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HF/MW/LW General Discussion - General discussion on monitoring the HF (High Frequency), MW (Medium Wave), and LW (Long Wave) spectrum (0.5 - 30 MHz)

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Old 03-08-2017, 12:17 PM
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Default AM Broadcast vs Shortwave propagation

Hello,
I'm sure I knew the answer to this question at one time, but my aging brain is failing me at the moment. I'm wanting to know why AM Broadcast (Medium Wave) stations typically propagate over much shorter distances at night than Shortwave broadcasts. In my experience AM radio stations can often be heard at night at distances of 700 to maybe 1200 miles or a bit more. I don't recall ever hearing a Mexican AM broadcast station here in northern Oregon at night, or a station from the US East Coast, but I have heard KGO in San Francisco many times, as well as radio stations in Utah, Nevada, Colorado, etc. Yet with Shortwave broadcast I've often heard New Zealand, China, the BBC, and others from far flung corners of the globe. I know Medium Wave frequencies typically refract off the F layer, the same layer as HF frequencies, so one would think the propagation distances would be similar. I also know that with the right conditions a 100 watt Ham rig can make contacts on the opposite side of the globe, so I don't think a difference in ERP is the reason. Maybe MW frequencies don't reflect off the earth as well as HF, making multiple hops unlikely? I'm really not sure, and the answer has eluded my Google-fu. Can someone here answer this question please? I'm sure someone knows.

Thanks for the help!

.
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Old 03-08-2017, 1:28 PM
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MW frequencies pretty much obey the same laws as the lower part of HF; dead during the day, they wake up at night. They can and do travel great distances, when conditions allow it. Otherwise Trans Pacific(TP) and Trans Atlantic (TA) catches wouldn't exist.

Now there are quite a few things that can hinder MW reception; many ham transceivers, and some HF receivers, deliberately added attenuation below 1 Mhz to prevent the possibility of overload and other problems. I haven't been dabbling in this area for a long time, but I know there were a lot of discussions on how you can bypass this attenuation, depending on the radio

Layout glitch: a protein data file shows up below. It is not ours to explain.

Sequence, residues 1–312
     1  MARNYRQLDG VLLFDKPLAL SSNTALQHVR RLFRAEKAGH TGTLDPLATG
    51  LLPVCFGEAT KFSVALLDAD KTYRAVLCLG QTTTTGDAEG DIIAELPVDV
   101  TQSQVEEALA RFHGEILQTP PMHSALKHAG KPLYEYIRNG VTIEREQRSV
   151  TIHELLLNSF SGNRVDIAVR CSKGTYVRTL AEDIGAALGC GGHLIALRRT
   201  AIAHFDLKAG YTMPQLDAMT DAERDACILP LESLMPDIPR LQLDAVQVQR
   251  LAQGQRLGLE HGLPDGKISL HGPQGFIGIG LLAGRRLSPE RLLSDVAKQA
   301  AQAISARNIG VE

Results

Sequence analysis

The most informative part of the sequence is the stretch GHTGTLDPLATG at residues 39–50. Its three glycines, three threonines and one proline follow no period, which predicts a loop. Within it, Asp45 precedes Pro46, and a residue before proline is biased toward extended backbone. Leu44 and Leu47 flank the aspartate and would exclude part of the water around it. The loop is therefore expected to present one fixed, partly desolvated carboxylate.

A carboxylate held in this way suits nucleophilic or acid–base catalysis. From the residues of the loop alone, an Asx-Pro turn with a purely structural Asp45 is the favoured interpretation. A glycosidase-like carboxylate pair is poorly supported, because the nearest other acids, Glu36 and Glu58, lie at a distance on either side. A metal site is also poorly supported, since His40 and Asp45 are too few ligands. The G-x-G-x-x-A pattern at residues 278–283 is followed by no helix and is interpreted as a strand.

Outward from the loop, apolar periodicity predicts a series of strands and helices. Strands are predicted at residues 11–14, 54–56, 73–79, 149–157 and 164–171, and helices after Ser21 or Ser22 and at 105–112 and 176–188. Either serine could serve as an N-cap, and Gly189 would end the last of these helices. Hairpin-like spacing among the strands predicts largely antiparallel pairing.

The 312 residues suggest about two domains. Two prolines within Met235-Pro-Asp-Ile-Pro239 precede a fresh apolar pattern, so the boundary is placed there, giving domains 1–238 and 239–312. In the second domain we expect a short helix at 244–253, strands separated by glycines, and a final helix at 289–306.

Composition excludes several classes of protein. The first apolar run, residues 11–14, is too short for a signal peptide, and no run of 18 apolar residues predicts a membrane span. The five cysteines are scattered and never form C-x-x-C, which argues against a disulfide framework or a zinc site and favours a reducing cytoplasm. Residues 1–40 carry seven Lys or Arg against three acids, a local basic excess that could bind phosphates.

Another thing to keep in mind is that mountains are not your friend. If the majority of the signal you want to hear happens to run into mountains (remember, there is no one path that a signal takes when it bends off the F layer), chances are you aren't going to hear it.

And of course, don't forget the antenna. While your typical G5RV or even an inverted L will certainly hear stations on MW, it isn't very efficient. Not many of us live in areas where you can put up 1000 foot plus antennas, so the next best thing is a loop. And I'm not even talking about a Pixel, Wellbrook or the W6LVP designs. There are many homebrew loop designs on the net, and we even have a few in the wiki.

Some things to think about...Mike
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Old 03-08-2017, 1:53 PM
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I believe that in the US, BC band broadcasters have to reduce their power and make radiation pattern changes at night - this will reduce the DX effect. Also broadcasters aren't interested in DX, they're only after the local market, so - only sufficient power for the job. Most BC band b'cast antennas are vertical masts perhaps with loading coils so their vertical radiation pattern is mostly horizontal - there's not a lot going up in the air to be refracted back down at some remote distance. Most of the propagation is via ground wave as Marconi found out when carrying out his early experiments, so he had massive amounts of power into huge antennas at what we now call VLF - very low frequencies - which is why you can ( I can't! ) often hear European LW broadcasts in the US. One of the good results of that is that they gave all the shortwave frequencies to the hams to play with, who pretty soon found out you could get worldwide communications with modest power and small antennas. Then they wanted it back!
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Old 03-08-2017, 2:18 PM